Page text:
To me, [They Cloned Tyrone] is really about choice. What do we have a choice in? What don't we have a choice in? Sometimes in these cycles of destruction, cycles of poverty, cycles of trauma, we're made to think that we have a choice, but in reality, there's larger things at hand.

john boyega
JB: I hope they are entertained. I hope they have fun. And at the same time, I think this movie promotes nuanced thinking. You’ve got a pimp, a prostitute, and a drug dealer. Sometimes because of those job roles, people go, “Oh, that's that, and that's that.” Even when we take in the news, they will edit the story down, make it to 10 seconds so it's easier for us to digest. And sometimes we carry that into life. When we see people from all walks of life, we see people with different paths, we just go, “That means that, and that means that.” It's actually really a trauma defense, because once you get into the complexities, the nuance, that this is Yo-Yo’s job but separate from that, she is also intelligent — those things can coexist. It kind of makes the world harder for people to digest. But this movie in itself just makes you sit there and go, “You know, I started this movie with the stereotypes and now I'm seeing the details.” I hope that there’s a combination of those reactions. 
I want to get into the ending and that last scene. John, is Tyrone going to have his own uprising? What was that about? 
JB: I don't even know, to be honest. [laughs] I'll be real. I won’t lie. I don't even know why they called it They Cloned Tyrone when it was just that little snippet. But I love it. I love Juel’s strange weirdness that made sense to me. It’s funny, after the screening, my agent said to me, “Would you do an LA one?” And I actually said to Juel when we were filming, “Look, we can go to London and do a thing. France, Germany, we can hit all of those!” [laughs]. But there is a promise of an expansion in that little last bit. Watching it a second time, there’s Yo-Yo’s plan to go to Memphis. You can see the Scooby-Doo gang going from state to state. That would be fun.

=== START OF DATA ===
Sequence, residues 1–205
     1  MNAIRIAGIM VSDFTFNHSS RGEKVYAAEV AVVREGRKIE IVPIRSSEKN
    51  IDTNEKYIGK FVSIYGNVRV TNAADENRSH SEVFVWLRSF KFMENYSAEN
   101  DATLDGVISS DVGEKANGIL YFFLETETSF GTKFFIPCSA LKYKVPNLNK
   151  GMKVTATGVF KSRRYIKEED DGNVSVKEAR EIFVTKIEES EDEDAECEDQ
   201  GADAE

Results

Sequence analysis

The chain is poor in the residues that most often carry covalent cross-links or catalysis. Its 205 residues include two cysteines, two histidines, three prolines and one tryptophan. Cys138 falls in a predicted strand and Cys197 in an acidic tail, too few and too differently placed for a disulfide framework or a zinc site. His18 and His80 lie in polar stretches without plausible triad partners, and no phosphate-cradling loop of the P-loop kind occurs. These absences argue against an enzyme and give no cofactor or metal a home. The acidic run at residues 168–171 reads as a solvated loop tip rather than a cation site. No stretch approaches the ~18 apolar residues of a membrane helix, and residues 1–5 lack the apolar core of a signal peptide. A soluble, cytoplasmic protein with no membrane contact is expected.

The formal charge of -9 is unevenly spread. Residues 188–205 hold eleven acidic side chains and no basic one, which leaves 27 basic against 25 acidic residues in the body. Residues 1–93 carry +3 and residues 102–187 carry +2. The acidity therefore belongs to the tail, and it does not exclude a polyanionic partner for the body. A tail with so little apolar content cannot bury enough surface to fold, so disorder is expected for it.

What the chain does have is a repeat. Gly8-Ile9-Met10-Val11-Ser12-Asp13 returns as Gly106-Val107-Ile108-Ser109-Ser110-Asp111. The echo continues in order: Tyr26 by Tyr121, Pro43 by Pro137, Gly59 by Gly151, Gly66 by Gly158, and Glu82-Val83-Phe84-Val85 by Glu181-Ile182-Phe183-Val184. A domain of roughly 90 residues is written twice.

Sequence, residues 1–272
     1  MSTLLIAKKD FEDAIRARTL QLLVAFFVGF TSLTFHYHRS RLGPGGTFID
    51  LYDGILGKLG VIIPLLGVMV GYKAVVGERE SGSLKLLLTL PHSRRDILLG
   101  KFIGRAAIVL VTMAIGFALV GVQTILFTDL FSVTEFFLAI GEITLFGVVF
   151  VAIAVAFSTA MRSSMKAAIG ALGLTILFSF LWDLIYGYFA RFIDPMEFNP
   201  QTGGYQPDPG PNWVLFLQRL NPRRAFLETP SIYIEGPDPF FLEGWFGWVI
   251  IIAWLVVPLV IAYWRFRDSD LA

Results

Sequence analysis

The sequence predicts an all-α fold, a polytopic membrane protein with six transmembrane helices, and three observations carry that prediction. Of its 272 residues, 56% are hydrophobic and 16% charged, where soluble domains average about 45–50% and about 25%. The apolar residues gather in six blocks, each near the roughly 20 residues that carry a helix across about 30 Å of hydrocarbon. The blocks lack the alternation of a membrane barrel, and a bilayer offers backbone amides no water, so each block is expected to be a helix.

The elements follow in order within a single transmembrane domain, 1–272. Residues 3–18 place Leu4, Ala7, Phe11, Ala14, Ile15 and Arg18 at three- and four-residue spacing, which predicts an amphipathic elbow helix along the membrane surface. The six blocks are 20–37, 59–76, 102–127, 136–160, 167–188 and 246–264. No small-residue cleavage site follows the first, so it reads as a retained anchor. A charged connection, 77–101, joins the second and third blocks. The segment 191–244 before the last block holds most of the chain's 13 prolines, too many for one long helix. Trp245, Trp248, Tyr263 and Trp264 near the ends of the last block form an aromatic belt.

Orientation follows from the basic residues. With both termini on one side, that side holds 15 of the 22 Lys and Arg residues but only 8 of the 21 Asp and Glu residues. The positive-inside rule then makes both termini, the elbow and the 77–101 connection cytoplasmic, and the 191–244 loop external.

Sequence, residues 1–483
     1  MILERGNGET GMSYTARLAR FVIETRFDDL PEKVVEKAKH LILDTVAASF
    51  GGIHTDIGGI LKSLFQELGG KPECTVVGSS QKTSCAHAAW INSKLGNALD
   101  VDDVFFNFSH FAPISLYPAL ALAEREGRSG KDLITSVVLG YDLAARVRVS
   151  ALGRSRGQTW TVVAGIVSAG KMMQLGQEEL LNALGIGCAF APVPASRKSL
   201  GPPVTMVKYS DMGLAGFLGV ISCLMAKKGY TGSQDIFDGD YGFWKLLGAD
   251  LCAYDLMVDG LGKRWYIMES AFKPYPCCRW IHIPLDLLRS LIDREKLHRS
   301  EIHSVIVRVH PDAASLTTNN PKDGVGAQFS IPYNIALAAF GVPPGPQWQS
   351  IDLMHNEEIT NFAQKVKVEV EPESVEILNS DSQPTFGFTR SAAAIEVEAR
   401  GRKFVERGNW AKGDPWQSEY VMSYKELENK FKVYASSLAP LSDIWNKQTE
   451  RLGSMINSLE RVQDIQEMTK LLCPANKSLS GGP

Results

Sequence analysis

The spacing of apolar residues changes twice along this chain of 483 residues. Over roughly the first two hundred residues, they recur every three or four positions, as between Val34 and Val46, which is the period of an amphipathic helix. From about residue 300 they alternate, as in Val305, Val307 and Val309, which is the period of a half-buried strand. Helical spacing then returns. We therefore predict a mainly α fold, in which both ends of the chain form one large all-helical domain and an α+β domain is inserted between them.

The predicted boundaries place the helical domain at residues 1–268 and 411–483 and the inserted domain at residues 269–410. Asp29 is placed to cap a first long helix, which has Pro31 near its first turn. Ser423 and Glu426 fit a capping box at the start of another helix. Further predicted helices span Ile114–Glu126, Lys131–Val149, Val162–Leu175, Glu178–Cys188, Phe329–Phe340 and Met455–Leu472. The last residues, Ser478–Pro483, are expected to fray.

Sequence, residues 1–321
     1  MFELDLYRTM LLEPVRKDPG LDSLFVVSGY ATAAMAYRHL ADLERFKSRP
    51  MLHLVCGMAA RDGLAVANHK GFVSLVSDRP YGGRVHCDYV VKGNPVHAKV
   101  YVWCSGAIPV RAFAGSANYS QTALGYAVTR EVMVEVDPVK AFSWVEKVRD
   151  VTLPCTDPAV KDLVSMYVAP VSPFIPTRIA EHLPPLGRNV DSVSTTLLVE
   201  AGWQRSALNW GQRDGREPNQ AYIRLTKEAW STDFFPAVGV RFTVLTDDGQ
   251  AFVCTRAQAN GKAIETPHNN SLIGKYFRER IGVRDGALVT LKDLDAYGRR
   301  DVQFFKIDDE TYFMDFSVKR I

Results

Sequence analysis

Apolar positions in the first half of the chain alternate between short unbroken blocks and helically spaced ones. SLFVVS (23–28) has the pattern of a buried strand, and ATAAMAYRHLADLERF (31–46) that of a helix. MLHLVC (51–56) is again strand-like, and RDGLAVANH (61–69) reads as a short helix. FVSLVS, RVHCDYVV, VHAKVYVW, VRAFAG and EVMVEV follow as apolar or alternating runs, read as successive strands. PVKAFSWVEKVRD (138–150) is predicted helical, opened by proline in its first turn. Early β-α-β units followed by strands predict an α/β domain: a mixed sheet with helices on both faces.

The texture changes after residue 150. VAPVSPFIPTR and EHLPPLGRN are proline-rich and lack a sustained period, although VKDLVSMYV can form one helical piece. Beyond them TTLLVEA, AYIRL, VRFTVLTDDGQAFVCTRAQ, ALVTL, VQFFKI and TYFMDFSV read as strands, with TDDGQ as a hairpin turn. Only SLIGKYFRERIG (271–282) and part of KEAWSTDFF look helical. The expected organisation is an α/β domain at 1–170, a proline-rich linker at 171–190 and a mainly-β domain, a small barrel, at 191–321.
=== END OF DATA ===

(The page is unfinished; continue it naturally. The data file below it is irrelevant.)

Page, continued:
Does Yo-Yo get to live that happily ever after in Memphis? What does that look like for her?
TP: I think she's happy, but I think Slick annoys the hell out of her. You know, he’s there.  And they are a love/hate situation. But I think ultimately, since she was right, and we've figured it all out, I think they're a good team. And so I do think she's living her version of happy.I hope she's living out her dreams. 
Would both of you do a sequel? 
JB: Yeah, I would. 
TP: Absolutely. 
What’s one conspiracy theory that you totally believe in? 
JB: UFOs. Like Juel said at the premiere, mathematically, they out there. I just think they look at earth and they go, “Yeah, I’m alright.”
TP: They’re a hot mess. Let’s move on. [laughs]. I feel like there’s a bit of truth in all of these conspiracy theories. I don’t really doubt any of them, but I don’t 100% believe all of them. I’m just not going to mess with it. That’s none of my business. 
JB: Some celebrities actually could be alive. 
JB: No, not Pac. But there have been wealthy individuals who fake their own death. It’s a whole process. Some guy “died,” but he was out there enjoying his life. Got the insurance policy, moved on. His whole family was in on it. 
TP: Do we hold him for that? 
JB: I don’t hold him for it. Sometimes, you’ve got to stop the game. [laughs]
TP: It’s hard out here! 
This interview has been edited and condensed for clarity. They Cloned Tyrone is streaming now on Netflix.

More from Movies

R29 Original Series